Case Study

How the app Bink is trying to reinvent loyalty cards

Fed up with bulging wallets? Bink claims to be a one-stop shop for loyalty that makes reward schemes more rewarding.

How the app Bink is trying to reinvent loyalty cards

Loyalty cards have mass appeal by anyone’s measure. The UK’s biggest, Nectar, had 16.8 million members in 2010 – about halfway between the Leave and Remain referendum tallies.

By 2014, it had hit 19 million. But while Nectar and its two biggest rivals, Tesco Clubcard and Boots Advantage, have a permanent home in millions of wallets, other schemes suffer from the unwillingness of shoppers to carry a large number of cards around – and even when they do, they don’t necessarily use them.

"We’ve got a client who’s got a good loyalty card," Martin Nieri, chief executive of Partners Andrews Aldridge, says, "and even its top 200,000 customers half the time don’t swipe their card."

In fact, there’s a curious, and unique, contradiction in the UK when it comes to these schemes. A huge study of 30,000 consumers in 63 countries by Nielsen found that UK shoppers were more likely than almost every other nationality to have loyalty cards, and had among the most on average. But only 51% said they saw a loyalty scheme as a reason to choose a retailer – the second-lowest rate of the 63 countries.

Bink, a digital wallet-like app that launched late last year, is aiming to do something about the situation. The software links a user’s loyalty cards to their debit card or other payment method, meaning their loyalty card is "swiped" automatically on payment.

Chief executive Lee Clarke, who founded Bink with business partner Greg Gormley, says he came up with the idea after experiencing "sheer frustration" at the amount that was asked of him to participate in loyalty schemes – he’s a member of 23 of them.

"To expect a frequent shopper to engage with multiple brands, user interfaces, remember multiple passwords and have the card there at the right moment didn’t work for me at all," he says.

It’s not immediately apparent that another app is what shoppers need to mend the faults of existing schemes. The evidence suggests we’re just as averse to clutter on our phones as in our wallets.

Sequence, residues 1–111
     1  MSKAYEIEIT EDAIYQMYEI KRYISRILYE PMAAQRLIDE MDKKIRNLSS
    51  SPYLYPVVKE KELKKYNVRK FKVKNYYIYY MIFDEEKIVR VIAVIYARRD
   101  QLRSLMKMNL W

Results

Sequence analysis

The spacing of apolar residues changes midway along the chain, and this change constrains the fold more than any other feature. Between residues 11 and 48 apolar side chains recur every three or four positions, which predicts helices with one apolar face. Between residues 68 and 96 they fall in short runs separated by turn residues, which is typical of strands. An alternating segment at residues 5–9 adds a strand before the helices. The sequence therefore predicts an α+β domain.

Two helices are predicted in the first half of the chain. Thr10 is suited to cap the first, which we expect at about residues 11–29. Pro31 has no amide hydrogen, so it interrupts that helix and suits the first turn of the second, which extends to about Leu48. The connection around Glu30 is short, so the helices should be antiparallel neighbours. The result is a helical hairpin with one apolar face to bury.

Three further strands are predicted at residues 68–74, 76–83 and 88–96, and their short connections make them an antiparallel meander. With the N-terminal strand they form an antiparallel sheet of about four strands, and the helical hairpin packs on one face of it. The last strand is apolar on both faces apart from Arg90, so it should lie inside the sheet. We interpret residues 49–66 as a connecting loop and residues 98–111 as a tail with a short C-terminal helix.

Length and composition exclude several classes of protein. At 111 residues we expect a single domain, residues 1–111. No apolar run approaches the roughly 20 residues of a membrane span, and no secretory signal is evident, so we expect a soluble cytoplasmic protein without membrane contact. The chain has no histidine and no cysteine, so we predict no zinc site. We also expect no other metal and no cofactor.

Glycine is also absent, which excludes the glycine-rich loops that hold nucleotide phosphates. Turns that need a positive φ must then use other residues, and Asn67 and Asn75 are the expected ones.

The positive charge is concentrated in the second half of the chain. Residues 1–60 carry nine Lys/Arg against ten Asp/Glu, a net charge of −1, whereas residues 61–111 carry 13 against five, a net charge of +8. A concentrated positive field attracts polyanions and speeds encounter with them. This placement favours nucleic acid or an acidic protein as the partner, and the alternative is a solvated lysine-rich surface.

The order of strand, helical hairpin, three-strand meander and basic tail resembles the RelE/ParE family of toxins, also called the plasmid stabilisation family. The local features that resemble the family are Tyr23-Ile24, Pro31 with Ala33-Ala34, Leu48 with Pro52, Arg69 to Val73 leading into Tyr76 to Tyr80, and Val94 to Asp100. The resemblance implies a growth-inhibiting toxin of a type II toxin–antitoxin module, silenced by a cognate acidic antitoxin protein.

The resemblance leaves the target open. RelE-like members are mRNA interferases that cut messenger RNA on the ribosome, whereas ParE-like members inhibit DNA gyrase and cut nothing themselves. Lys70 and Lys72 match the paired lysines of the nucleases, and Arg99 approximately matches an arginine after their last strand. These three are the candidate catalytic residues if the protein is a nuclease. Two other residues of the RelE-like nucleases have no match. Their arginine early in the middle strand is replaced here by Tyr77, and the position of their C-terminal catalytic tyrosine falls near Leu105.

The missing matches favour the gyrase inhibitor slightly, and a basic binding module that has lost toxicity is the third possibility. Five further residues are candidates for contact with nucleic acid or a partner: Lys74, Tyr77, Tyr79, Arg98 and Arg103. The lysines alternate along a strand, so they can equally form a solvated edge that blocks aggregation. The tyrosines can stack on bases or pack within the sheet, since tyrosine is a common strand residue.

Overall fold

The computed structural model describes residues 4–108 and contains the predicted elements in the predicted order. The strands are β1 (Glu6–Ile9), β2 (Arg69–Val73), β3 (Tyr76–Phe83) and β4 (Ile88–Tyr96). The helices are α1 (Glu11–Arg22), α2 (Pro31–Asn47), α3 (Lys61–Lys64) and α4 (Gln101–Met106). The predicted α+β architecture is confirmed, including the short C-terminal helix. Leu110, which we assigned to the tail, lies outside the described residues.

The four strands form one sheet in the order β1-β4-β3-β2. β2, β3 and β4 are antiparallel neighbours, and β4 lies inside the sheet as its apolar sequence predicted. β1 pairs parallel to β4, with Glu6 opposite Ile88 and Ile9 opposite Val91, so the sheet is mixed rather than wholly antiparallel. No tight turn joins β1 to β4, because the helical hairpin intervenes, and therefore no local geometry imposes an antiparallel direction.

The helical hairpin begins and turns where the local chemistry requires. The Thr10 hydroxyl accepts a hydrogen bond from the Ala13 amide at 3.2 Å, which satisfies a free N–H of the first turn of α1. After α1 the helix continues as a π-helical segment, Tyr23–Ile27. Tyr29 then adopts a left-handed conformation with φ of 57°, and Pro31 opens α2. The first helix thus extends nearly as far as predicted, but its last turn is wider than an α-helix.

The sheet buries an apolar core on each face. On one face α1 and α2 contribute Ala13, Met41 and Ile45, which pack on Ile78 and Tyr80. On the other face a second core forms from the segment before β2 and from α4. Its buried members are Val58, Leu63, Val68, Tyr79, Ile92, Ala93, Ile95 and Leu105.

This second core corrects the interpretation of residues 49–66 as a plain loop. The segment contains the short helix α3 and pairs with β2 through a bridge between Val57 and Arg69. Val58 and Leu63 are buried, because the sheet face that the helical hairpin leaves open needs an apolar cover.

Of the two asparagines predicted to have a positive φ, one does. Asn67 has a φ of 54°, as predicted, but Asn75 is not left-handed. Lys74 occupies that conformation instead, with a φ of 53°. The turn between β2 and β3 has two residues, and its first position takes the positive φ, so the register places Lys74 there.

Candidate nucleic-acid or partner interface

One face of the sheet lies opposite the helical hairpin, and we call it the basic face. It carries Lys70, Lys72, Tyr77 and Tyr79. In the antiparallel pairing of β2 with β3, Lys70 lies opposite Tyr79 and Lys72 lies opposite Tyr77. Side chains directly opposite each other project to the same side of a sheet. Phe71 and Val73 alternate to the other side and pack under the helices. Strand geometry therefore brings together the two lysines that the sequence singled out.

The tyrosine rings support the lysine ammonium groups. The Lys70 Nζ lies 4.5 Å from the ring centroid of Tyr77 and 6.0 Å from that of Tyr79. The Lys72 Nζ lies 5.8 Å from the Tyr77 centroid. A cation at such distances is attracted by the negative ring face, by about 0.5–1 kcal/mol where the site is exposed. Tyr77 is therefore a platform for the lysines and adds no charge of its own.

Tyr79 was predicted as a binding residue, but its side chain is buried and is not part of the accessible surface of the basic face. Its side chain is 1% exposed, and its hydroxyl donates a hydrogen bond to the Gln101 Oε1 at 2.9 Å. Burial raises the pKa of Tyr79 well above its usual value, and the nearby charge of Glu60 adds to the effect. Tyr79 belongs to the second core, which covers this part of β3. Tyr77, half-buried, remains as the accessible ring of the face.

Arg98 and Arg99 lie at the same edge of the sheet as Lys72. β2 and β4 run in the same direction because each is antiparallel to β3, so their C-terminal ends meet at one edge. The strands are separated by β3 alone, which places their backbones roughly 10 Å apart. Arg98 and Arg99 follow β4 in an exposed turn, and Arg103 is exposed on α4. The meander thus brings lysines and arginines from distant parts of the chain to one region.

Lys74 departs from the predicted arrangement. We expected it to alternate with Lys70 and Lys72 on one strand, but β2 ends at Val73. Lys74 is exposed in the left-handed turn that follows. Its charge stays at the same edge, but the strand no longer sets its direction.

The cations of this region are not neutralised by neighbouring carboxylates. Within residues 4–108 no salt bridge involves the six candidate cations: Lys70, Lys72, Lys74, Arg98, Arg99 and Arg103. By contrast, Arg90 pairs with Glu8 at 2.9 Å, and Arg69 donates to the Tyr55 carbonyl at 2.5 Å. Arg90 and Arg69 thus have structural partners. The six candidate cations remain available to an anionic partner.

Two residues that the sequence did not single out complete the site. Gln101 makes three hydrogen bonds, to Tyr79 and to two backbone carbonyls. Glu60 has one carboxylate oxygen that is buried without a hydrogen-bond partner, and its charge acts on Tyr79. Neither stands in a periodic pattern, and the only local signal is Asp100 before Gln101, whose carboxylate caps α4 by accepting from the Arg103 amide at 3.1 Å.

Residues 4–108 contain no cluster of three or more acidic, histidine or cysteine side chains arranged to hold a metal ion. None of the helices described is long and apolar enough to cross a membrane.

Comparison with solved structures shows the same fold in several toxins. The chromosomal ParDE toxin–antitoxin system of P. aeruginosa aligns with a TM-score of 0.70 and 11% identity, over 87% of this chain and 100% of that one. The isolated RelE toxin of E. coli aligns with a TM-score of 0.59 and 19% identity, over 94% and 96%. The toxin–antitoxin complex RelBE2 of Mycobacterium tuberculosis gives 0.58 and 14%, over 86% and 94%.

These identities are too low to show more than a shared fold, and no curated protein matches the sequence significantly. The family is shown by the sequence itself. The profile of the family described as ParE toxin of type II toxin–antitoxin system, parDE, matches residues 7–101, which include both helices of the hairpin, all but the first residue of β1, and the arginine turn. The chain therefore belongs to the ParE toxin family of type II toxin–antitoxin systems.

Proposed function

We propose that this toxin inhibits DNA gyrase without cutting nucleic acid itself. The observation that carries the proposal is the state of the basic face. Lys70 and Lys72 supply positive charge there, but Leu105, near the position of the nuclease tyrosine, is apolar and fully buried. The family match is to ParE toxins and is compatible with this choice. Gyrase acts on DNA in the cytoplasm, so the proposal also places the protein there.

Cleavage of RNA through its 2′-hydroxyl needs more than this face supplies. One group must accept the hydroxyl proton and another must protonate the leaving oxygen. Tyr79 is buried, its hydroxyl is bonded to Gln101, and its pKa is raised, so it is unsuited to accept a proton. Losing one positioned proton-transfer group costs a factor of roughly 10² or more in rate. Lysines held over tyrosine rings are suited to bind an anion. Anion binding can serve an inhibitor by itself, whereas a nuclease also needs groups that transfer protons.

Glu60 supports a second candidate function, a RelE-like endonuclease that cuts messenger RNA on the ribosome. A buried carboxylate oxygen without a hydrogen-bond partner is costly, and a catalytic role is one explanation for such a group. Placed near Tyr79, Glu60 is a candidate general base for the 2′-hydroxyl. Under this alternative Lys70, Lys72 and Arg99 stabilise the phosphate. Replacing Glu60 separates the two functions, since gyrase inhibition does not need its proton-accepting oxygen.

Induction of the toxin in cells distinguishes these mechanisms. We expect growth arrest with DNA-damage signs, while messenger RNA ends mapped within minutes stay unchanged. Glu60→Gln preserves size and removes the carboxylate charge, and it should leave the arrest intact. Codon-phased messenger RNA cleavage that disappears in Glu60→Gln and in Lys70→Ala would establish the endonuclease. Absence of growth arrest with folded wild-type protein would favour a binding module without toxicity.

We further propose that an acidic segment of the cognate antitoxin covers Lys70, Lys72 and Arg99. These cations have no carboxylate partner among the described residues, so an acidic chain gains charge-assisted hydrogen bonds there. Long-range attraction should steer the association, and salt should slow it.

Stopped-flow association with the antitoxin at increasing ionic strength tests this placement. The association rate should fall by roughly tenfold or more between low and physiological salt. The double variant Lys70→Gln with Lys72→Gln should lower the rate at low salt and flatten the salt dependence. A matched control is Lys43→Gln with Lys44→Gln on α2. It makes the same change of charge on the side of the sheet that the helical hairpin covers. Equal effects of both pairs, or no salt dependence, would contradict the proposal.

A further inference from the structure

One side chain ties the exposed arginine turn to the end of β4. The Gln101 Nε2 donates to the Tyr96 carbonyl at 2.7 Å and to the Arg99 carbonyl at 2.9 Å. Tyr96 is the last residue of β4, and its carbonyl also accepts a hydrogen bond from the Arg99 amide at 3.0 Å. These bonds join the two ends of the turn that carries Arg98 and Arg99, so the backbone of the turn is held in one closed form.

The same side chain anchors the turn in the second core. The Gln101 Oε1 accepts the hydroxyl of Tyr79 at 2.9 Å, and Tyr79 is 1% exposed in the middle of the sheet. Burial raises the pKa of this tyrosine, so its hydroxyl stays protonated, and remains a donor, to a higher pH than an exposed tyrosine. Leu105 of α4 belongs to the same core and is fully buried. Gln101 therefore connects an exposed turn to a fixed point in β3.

Data collected last year by mobile intelligence company Quettra found the average app lost 77% of its active users within three days of download and 95% within three months.

Thinking about loyalty differently

But the promise of Bink, Clarke says, is to cut out the "friction" in the user experience by eliminating the effort and co-ordination required of consumers and limiting their direct experience of the scheme to the rewards.

There are about 20 participating brands at the moment, including Morrisons, Arcadia and Pizza Express, but Clarke says he is in discussions with all the major retailers and expects them all to come on board in due course.

While Nectar is one notable example of a loyalty scheme taking in multiple brands, Clarke believes Bink is the first service able to act as a one-stop shop for loyalty.

The idea is not to change the core elements of how loyalty schemes work, he says: "It’s all about super-charging, giving access and raising what’s already out there."

Bink is designed to be an additional marketing channel to participating brands, in which they can deliver content, distribute coupons or other rewards and provide e-receipts.

Users can also register for schemes through the app, with their information automatically populated. In some cases, they will be prompted to do so.

If a Bink user buys something in Morrisons with their registered payment card, for example, the app will ask if they want to join the Morrisons More scheme, which they can do on the spot.

Clarke believes it offers a new environment where shoppers can "snack" on their favourite brands at a time that suits them – a style of engagement that will make the benefits of loyalty programmes more immediate and apparent.

"Customers these days are really savvy," he says. "They know people are collecting data. The friction point is that they’re not necessarily seeing a benefit for their data being shared."

Consumers are in fact becoming more open to sharing data, Nieri says, but expect increasingly attractive benefits in return.

"It’s quite easy to get people to sign up to loyalty schemes – the challenge is to keep them engaged," he says. "Things like Bink have recognised that the value and benefit of having these cards is quite minuscule."

The solution, he thinks, is to think about loyalty differently – not as something that needs to be actively expressed: "I don’t think loyalty can be created and forced through loyalty schemes per se. I actually think loyalty will be created by those friction-free experiences."

Bink, Nieri says, should take inspiration from mobile ad network Kiip, which sends ads as app notifications at opportune moments: "They’ve got a great model that fits into the customer experience, rather than creating another one. It’s commerce in the moment – serendipitous loyalty.

"Imagine a better time for Gatorade to send a message than when you’ve just finished a run with the Nike app running."